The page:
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Philadelphia community groups want more details on city's 5-step Kensington plan

Unlocking Kensington's Future: Community groups demand answers to city's 5-step plan
Unlocking Kensington's Future: Community groups demand answers to city's 5-step plan 02:23

PHILADELPHIA (CBS) - The City of Philadelphia now has a plan to tackle long-standing issues in the Kensington neighborhood. It's home to numerous homeless encampments and is one of the largest open-air drug markets on the East Coast.

"Change is on the way," announced Mayor Cherelle Parker Thursday at Conwell Middle School in the neighborhood.

Phase 1 of the plan, titled "Warning and Opportunity," will give warnings to people living on the street, and offer them treatment and housing options.

The plan then moves into the "Law Enforcement" phase. This will feature a heavy police presence, where officers will carry out warrant sweeps, and focus on drug sales and quality-of-life crimes.

That's followed by "Securing the Neighborhood" in Phase 3. Police will secure the blocks cleared in Phase 2, and city services will be brought in to beautify the areas. 

Phase 4 brings "Community Transition." City officials say it will "focus on collaborative work between the city and residents, business owners, and the community at large." The final phase is "Sustainability," which will see a redistribution of police resources while maintaining a police presence in Kensington.  


Mayor Parker says the plan was crafted, in part, by hearing from residents.

"The voices of the people who live here are the voices that we will hear most," said Parker on Thursday.

But one day later, people who spoke with CBS News Philadelphia and live and work in Kensington had a lot of questions.

"I'm a little perplexed," said Carl Day, the Pastor at Culture Changing Christians who has long worked in Kensington. "Not a lot of things make sense."

While Day credited Parker for her "zeal" in working to tackle the issues in Kensington, he noted the plan doesn't point out what will happen to people who refuse to leave the streets. He says that leaves the door open for them to be placed in jail, raising Philly's already high prison population, or to be pushed to other areas of the city.

"Where do they go?" asked Day. "Not in Kensington, but where are they ultimately going to land? Whose community?"

Patrice Rogers runs the nonprofit Stop the Risk in Kensington. Originally, she provided tiny homes to people on the street, giving them a place to stay and working to keep them clean. But Rogers tells us the city told her she couldn't house people on the lot. Now, she's shifted to triage and giving people a place to go during the day.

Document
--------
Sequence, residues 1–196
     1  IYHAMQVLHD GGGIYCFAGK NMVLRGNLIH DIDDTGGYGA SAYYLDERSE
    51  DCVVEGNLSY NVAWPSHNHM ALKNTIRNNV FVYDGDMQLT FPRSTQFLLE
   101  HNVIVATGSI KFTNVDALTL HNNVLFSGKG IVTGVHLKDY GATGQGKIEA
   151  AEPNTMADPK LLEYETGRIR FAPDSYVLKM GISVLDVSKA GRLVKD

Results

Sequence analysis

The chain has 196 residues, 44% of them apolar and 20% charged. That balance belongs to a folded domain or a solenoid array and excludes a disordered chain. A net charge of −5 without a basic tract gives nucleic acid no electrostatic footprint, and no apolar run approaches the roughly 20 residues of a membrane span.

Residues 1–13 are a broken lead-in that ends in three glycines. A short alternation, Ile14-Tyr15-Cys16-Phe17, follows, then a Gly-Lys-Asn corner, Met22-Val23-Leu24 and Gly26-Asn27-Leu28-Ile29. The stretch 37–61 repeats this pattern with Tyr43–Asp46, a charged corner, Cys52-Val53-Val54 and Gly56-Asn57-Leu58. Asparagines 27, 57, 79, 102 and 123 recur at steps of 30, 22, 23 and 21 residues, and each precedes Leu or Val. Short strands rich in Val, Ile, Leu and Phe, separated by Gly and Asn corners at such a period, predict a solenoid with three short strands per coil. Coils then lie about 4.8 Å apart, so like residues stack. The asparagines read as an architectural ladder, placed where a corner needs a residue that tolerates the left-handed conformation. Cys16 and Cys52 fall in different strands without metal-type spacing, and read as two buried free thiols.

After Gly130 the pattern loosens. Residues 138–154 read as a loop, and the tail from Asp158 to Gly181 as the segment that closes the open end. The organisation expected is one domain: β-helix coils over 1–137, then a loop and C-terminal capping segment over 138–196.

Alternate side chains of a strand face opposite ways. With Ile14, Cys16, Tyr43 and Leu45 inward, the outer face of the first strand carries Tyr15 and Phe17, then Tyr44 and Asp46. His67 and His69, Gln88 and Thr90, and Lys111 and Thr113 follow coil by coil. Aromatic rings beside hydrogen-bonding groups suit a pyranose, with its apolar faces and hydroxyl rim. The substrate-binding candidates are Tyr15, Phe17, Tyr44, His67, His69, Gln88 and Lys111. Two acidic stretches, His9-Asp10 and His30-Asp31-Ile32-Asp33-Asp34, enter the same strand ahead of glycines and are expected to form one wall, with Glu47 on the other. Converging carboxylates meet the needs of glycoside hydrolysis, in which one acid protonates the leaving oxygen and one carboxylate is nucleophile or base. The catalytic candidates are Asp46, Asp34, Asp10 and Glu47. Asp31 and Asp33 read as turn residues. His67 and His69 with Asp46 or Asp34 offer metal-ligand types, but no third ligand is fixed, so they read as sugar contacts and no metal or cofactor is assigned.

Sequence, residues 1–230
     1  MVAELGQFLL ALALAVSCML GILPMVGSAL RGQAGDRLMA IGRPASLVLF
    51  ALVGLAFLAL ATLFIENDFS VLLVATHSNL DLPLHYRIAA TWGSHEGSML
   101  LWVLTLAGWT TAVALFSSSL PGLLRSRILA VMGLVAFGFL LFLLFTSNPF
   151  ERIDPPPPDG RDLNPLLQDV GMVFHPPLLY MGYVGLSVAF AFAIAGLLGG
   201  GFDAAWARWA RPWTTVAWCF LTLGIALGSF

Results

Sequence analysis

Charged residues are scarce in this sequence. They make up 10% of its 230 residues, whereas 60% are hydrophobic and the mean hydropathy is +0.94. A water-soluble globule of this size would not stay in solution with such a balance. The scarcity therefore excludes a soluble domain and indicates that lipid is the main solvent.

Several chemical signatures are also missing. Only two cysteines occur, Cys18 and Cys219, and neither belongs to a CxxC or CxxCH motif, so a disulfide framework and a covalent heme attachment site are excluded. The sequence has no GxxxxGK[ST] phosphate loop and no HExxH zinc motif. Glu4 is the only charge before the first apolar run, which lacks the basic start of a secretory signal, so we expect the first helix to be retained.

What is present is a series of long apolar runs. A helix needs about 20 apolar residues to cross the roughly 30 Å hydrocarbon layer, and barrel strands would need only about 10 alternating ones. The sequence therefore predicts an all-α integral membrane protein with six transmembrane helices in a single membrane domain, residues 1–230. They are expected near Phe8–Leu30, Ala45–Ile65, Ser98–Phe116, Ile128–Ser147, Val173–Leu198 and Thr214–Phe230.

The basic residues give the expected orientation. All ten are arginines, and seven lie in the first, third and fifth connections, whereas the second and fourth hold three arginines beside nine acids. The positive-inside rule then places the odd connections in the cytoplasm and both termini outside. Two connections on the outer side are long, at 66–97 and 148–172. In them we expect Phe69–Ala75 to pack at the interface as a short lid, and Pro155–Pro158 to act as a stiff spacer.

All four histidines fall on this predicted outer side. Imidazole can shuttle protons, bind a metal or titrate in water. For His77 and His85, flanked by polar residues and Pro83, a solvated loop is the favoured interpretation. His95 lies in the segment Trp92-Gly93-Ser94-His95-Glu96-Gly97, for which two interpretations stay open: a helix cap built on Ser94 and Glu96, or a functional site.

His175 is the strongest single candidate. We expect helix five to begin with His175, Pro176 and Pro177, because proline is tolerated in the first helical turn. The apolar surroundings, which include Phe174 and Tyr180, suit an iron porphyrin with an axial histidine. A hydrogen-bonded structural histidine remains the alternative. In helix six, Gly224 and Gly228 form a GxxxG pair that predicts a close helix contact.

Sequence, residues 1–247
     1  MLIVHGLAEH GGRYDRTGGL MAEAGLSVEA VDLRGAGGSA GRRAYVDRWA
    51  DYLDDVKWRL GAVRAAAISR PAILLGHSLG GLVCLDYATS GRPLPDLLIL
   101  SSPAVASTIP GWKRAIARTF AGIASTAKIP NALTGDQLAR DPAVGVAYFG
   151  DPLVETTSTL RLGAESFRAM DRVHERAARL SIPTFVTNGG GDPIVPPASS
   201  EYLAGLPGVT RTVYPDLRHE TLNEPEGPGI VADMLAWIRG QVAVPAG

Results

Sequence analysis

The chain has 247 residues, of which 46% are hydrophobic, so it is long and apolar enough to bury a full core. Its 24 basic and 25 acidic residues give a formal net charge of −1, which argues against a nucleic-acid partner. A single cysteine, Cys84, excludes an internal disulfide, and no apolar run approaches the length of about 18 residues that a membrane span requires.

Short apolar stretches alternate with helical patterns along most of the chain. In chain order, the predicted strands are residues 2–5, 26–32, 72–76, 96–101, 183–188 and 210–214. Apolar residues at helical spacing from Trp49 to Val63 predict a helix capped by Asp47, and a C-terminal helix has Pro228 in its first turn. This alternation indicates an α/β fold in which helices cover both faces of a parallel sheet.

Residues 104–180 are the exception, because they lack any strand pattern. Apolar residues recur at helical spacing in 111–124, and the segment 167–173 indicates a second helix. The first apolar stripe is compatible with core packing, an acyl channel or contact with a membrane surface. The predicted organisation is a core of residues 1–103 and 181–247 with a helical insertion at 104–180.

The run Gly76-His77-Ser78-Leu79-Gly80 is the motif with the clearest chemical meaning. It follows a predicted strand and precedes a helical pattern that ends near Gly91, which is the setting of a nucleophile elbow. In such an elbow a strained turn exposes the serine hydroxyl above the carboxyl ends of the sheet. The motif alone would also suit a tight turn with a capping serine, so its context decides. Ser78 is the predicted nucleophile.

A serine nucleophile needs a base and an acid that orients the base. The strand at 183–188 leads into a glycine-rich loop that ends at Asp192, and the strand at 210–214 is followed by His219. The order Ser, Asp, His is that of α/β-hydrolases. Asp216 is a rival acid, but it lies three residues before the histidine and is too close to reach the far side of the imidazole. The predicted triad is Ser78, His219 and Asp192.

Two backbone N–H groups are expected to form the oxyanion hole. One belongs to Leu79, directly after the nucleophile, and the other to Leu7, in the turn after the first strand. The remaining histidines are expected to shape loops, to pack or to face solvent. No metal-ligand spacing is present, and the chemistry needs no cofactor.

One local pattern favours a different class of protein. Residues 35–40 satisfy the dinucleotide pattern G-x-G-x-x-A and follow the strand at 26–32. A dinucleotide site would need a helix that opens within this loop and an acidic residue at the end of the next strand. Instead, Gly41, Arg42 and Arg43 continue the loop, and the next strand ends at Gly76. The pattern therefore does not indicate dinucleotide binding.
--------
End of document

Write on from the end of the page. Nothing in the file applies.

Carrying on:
Rogers attended Thursday's event with Parker and says she didn't understand why city leaders weren't talking with organizations like hers, which are on the ground every day in the neighborhood.

"I don't believe it's going to work if you're only going to work it by yourself. You can only work it if we work together," says Rogers.

Business owners like Nicole Moy were also looking for more detail in the plan.

"I love that she has a plan," said Moy. "I would like to know more details about how that plan is going to take place."

Moy opened The Bridge Studio on Kensington Avenue three years ago looking to highlight emerging artists and shine a light on the good happening in Kensington. She's hoping the plan can clear out some of the trouble, but also keep a focus on what residents in the community need.

There was one piece of the plan that also caught her attention.

"I like that we're going to bring more officers, but I do want to make sure or think it's important that we bring people that have the experience and knowledge and expertise to combat this issue," Moy said.

Police Commissioner Kevin Bethel said Thursday the plan would begin sometime after the next 30 days, but didn't release a clear timeline on how long each phase would last. As it unfolds, community groups in the area hope they can be more involved.

"We have to open the door for a lot of innovation and really making sure we're including all kinds of voices," Day said.

"I'm here all days. I'm actually boots on the ground. I know what this community needs. I know what this community is suffering from," Rogers said.

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